Thereupon, Shimon Peres announced that he had managed to form a new government headed by himself, and that it would be presented to the Knesset on the morning of April 12. But on that morning, as we waited, the hours passed and there was no sign of the new cabinet. There were increasing rumors the ultra-Orthodox have abandoned Peres at the last minute and deprived him of the expected parliamentary majority. This turned out to be true. By noon, Peres appeared on the screen, tense and pale, and announced "a delay in presenting the new cabinet". "Damn!" said one of my friends. "This means that we remain stuck with Shamir, and he will continue to block everything. God damn the ultra-Orthodox to Hell! "


1994 - After the Nobel Peace Prize Committee announced the award of Yitzhak Rabin, Yasser Arafat and Shimon Peres for their part in the Oslo Agreements, Yedioth Ahronoth published a nasty commentary. The writer attacked Peres harshly, accusing him of being "a publicity stunt man" who had "pushed through the signing of the horrible Oslo Accord" for the sole purpose of getting the Nobel Prize.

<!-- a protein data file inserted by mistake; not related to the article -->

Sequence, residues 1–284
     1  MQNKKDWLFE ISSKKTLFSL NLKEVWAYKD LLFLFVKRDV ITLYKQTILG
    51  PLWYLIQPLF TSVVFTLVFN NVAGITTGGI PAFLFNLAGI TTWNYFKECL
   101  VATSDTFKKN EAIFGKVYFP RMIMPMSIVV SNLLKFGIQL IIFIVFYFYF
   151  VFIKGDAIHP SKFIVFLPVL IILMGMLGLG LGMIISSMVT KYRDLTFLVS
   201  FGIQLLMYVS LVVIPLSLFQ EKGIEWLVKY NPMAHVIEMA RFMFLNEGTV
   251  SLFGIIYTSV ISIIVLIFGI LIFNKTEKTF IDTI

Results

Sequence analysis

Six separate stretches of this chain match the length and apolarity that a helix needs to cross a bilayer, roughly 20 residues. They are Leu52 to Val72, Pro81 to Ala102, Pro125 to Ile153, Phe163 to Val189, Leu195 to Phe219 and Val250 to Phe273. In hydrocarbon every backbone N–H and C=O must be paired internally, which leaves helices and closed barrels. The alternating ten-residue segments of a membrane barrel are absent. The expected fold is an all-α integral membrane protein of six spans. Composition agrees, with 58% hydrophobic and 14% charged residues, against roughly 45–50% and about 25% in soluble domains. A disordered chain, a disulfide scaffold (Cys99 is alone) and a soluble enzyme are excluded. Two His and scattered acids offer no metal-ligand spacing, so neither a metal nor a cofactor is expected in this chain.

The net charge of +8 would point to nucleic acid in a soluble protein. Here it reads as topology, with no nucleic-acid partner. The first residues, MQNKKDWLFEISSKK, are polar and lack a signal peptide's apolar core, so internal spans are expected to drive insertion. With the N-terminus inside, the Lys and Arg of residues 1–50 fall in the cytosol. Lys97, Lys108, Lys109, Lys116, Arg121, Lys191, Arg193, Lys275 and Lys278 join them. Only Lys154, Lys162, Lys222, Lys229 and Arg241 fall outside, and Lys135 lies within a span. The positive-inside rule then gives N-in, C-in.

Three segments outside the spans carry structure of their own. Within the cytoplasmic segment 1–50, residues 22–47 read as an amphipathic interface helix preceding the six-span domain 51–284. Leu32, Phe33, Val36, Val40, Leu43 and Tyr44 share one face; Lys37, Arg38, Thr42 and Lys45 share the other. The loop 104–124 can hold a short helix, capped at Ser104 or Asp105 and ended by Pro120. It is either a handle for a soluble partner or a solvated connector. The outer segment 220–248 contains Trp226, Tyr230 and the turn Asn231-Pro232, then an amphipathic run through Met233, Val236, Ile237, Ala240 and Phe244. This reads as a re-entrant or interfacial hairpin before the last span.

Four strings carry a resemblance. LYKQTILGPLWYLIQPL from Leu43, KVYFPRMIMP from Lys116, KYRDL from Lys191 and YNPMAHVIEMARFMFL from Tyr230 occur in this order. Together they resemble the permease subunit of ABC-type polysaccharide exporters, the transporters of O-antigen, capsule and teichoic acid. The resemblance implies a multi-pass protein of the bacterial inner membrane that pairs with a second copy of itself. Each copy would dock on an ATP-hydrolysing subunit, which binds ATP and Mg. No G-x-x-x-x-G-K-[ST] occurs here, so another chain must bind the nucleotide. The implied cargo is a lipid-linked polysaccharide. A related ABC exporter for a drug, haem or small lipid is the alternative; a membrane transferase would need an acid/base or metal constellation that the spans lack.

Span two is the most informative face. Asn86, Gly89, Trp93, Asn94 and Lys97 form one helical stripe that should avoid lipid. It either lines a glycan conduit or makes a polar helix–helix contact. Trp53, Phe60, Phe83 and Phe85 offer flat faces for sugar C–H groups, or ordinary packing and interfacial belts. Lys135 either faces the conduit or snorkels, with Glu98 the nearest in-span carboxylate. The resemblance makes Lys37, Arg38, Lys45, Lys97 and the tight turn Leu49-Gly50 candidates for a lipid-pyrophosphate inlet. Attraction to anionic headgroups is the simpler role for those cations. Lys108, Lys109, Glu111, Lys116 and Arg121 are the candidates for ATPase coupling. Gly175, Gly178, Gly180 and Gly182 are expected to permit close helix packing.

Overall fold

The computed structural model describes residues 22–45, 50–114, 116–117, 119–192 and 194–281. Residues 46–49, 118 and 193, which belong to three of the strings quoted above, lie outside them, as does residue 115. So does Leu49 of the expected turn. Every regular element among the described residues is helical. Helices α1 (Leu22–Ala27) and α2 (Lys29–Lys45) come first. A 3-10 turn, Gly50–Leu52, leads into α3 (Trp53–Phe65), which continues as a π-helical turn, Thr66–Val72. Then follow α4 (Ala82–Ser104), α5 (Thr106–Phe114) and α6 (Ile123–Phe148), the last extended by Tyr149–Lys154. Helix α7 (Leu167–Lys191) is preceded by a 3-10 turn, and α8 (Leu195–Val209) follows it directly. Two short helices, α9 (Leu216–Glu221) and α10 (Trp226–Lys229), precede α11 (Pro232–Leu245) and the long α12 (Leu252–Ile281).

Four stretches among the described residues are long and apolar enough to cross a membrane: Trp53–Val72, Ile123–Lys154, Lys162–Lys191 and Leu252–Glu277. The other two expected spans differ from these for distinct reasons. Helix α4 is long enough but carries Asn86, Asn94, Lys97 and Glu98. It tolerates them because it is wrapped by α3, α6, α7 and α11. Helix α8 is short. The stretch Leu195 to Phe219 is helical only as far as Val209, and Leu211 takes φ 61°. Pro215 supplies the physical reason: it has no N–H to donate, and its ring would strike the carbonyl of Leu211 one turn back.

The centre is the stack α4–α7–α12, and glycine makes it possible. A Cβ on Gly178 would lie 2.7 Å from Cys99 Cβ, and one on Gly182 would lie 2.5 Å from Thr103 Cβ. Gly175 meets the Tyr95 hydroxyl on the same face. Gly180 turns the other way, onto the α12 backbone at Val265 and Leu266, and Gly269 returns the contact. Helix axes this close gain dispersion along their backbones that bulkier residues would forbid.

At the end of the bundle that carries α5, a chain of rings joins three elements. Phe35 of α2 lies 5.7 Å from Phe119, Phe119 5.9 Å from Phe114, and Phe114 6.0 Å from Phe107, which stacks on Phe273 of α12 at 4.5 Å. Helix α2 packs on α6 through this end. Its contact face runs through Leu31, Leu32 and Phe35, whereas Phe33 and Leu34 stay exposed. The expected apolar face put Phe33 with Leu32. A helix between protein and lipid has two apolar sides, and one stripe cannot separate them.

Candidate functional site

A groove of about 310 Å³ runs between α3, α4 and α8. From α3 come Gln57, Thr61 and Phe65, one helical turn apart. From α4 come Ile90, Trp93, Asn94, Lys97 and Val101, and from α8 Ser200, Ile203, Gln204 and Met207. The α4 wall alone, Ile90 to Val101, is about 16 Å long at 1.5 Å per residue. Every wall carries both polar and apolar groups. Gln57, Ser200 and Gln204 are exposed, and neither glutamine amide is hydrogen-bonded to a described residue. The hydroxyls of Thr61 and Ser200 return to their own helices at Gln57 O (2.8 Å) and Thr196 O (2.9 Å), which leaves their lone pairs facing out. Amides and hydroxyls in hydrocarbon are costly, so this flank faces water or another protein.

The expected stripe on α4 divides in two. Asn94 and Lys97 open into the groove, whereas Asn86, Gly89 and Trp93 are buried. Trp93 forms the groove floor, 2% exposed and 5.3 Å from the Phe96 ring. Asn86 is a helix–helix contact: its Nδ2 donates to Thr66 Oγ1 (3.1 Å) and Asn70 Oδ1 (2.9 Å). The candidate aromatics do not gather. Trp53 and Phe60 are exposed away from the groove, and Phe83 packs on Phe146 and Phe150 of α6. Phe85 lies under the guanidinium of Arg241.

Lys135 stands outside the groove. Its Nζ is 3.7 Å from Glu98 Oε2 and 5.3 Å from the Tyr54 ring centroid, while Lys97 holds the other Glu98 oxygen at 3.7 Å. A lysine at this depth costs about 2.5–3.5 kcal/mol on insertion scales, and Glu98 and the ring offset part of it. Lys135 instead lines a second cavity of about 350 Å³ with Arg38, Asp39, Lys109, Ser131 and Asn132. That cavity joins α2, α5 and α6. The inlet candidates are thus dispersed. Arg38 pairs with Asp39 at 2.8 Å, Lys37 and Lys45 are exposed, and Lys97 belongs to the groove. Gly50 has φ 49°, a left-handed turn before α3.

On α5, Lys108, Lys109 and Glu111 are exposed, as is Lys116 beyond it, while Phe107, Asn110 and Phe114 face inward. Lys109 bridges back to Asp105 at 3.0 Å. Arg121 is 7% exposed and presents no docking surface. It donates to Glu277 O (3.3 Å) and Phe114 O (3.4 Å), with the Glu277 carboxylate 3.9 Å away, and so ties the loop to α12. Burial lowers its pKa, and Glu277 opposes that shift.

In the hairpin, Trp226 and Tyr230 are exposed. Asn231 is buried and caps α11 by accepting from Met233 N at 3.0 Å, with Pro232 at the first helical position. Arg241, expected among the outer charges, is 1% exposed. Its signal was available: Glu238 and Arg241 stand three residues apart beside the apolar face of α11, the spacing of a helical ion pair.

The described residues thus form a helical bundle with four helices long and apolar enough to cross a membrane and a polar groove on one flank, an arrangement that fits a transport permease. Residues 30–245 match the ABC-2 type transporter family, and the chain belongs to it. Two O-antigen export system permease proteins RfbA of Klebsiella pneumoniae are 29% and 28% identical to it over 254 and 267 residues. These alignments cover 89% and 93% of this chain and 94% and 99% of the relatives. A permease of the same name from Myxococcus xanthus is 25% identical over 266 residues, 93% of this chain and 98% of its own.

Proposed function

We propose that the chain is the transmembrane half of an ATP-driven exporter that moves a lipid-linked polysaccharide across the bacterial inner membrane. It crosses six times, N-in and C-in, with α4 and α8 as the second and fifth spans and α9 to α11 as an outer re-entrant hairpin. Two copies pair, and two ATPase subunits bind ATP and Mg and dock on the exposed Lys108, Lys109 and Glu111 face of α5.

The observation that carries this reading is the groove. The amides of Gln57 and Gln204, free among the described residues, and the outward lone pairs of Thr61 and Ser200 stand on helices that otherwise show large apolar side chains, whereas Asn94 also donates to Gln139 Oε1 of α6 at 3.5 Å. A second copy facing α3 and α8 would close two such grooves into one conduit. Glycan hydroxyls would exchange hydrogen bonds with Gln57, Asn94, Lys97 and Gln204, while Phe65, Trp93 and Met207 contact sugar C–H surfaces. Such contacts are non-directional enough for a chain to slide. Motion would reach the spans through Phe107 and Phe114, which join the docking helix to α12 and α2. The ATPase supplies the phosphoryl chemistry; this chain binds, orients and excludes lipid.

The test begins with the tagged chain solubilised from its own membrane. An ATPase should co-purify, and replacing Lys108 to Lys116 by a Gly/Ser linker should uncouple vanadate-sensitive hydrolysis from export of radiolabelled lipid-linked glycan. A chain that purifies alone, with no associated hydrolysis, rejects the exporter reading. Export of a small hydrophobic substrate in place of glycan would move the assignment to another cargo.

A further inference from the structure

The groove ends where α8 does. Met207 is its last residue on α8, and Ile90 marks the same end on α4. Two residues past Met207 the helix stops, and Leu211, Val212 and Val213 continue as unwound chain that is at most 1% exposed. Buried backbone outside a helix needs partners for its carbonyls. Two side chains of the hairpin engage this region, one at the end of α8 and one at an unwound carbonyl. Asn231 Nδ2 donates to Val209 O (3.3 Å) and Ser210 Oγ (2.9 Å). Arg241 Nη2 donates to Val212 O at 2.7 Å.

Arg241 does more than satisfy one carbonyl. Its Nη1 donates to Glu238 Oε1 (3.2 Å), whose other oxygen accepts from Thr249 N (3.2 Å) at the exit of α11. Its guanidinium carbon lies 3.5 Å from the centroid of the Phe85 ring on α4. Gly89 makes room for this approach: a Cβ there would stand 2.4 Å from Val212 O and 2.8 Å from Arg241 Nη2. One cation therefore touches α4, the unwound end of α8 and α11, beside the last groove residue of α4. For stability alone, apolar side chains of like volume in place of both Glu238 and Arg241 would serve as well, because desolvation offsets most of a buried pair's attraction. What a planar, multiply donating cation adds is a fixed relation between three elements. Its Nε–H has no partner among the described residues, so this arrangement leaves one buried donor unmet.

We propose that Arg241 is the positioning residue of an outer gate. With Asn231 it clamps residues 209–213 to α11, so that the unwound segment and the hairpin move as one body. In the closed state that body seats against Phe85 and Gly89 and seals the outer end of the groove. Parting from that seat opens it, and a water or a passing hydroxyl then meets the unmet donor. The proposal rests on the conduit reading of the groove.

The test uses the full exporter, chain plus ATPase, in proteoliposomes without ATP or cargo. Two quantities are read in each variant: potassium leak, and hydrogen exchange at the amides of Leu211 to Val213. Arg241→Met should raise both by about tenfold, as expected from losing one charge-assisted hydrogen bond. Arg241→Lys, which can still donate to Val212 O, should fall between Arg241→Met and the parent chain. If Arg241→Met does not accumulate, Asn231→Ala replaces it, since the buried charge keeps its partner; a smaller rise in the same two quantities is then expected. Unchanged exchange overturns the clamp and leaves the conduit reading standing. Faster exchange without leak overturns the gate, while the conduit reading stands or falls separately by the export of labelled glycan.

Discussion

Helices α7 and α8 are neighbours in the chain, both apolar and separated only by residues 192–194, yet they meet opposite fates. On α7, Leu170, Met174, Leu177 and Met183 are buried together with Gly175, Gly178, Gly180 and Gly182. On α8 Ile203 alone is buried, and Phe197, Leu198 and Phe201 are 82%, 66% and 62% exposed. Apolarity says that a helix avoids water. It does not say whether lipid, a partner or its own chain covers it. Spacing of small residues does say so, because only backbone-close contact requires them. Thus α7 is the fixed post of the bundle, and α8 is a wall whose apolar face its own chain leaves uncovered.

So I immediately sat down and wrote a Letter to the Editor. I don’t have the exact text (at that time, such things were not yet preserved on the computer), but I remember quite clearly that I expressed unreserved support for Foreign Minister Shimon Peres. I wrote that he was a statesman of the first order, of whom any country could be proud. I wrote in that letter (as I wrote and said very often, at the time) that Shimon Peres deserved praise and the Nobel Prize for understanding that Israel must end the occupation and achieve peace with the Palestinians - not only for the sake of the Palestinians but also for its own future.